Gender and Race in Felix Vallotton’s The White and the Black, 1913

Les2Femmes-Félix_Vallotton-1913Ah yes, the familiar reclining nubile female nude of art history, frozen in time and laid out for our voyeuristic pleasure in a post- coital doze, cheeks ruddied from exertion or quixotic feverish dreams. We’ve seen hundreds of paintings of bodies like these, sometimes given biblical or mythological names with the sheer volume of the format granting some sort of universal permission to gawp and gaze at sleeping women through erotic goggles. But sometimes the best paintings suggest more about the spectator of the image rather than its subject. So as we look uninterrupted at this passive figure, we join the audience that was there first. In this case it is a black woman, arms folded on her lap, a cigarette cocked between her lips, its blunt ember edging dangerously close to all that exposed white flesh that could so easily be violated – with eyes, cigarette, or something else. And so we assume the gaze not of the white bourgeois European male for whom the history of art was practically invented, but a minority ethnic woman who is seen to be consuming all the visual pleasures that priviliged male archetype feels entitled to. Moreover, it casts that white default viewer as its unsettling polar opposite – a black woman whose agency is perhaps terrifyingly unmoored in post-abolition Europe in 1913. But still, the complexities around Felix Valloton’s La Blanche et la Noire continue to muddy our expectations of the reclining nude archetype. For embedded in this dyad before us is an Orientalist fear and desire for interracial erotic fantasy. So while the western eye bristles at being cast as the black ex- slave, this is tempered by the suggestion of illicit and transgressive relations between the two women.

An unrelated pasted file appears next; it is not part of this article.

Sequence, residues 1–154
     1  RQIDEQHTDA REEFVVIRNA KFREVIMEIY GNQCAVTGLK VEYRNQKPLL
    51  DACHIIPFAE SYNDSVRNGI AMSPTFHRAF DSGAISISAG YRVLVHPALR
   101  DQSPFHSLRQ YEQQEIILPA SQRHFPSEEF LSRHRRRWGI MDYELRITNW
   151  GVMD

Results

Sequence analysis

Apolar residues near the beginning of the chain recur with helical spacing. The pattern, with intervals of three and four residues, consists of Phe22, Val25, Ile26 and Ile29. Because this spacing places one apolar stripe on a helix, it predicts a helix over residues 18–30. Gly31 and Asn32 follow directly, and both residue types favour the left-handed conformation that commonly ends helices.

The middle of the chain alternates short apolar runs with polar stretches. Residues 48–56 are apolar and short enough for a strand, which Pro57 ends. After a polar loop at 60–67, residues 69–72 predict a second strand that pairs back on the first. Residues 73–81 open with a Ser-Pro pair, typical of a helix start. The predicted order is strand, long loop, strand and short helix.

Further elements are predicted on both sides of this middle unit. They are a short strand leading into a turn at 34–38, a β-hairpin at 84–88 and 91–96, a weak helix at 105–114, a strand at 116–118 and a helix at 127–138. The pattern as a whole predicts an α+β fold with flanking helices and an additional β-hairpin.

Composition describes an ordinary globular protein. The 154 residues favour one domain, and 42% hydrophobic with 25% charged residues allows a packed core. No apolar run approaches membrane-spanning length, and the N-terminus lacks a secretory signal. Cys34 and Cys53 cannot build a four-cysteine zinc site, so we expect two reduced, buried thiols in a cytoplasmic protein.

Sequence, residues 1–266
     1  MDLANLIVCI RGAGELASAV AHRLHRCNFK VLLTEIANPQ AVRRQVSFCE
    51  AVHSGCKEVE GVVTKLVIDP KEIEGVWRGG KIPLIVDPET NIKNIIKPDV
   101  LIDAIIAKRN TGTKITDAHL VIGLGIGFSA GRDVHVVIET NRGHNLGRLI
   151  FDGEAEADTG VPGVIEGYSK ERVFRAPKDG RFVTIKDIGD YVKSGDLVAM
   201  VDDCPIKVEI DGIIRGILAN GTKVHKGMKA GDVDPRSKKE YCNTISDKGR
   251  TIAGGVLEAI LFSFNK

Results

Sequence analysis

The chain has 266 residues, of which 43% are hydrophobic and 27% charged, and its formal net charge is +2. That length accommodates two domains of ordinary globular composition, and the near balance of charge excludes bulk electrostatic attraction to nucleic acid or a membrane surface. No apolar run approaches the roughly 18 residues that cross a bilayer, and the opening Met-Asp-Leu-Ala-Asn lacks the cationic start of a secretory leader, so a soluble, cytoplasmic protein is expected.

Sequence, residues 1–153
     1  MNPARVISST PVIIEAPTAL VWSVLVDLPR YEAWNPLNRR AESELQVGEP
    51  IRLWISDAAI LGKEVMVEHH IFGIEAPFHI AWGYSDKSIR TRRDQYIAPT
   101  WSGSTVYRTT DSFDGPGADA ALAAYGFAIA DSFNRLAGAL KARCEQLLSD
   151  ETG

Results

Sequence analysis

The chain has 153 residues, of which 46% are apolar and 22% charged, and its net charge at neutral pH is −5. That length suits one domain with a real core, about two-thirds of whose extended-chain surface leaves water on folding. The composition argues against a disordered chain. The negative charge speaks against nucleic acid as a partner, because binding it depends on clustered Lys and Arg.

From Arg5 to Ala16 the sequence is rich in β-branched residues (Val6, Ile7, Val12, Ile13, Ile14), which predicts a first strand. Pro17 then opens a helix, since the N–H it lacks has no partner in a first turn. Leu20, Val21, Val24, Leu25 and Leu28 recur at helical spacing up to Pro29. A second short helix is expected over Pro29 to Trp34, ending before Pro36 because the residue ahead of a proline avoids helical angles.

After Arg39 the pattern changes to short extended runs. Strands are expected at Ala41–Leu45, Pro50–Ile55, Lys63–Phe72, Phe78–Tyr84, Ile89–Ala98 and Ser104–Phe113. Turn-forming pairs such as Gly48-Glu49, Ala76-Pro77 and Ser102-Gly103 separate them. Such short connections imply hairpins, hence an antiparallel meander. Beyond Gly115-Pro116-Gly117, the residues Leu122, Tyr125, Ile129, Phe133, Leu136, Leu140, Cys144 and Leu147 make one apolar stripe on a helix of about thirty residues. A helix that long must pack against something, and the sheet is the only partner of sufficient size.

I came across this image in Denise Murrell’s catalogue for the exhibition Posing Modernity: The Black Model from Manet to Matisse to Today- currently on show @museedorsayfrom @wallachartgallery . I’ll be talking about it this and other images concerning racial politics in this year’s Women and Art summer school @sothebysinstitute London .

1 Comment

  1. Lichanos says:

    I am very much enjoying your new book, Women in the Picture, and I also love this painting. I think I saw it at the Metropolitan in their exhibition of Vallotton. (I also liked the Wallach show.)

    As you say, this painting is arresting because it puts us in the middle of a tug-o-war between all sorts of competing impulses.

    Being a guy who studied Art History as an undergrad years ago, I have to ask, “Why weren’t you around when I was in school?” Linda Nochlin had just begun to be known. Man, what a stuffy field it was. How many academic fields can benefit from a huge dollop of feminism as much as Art History? 🙂


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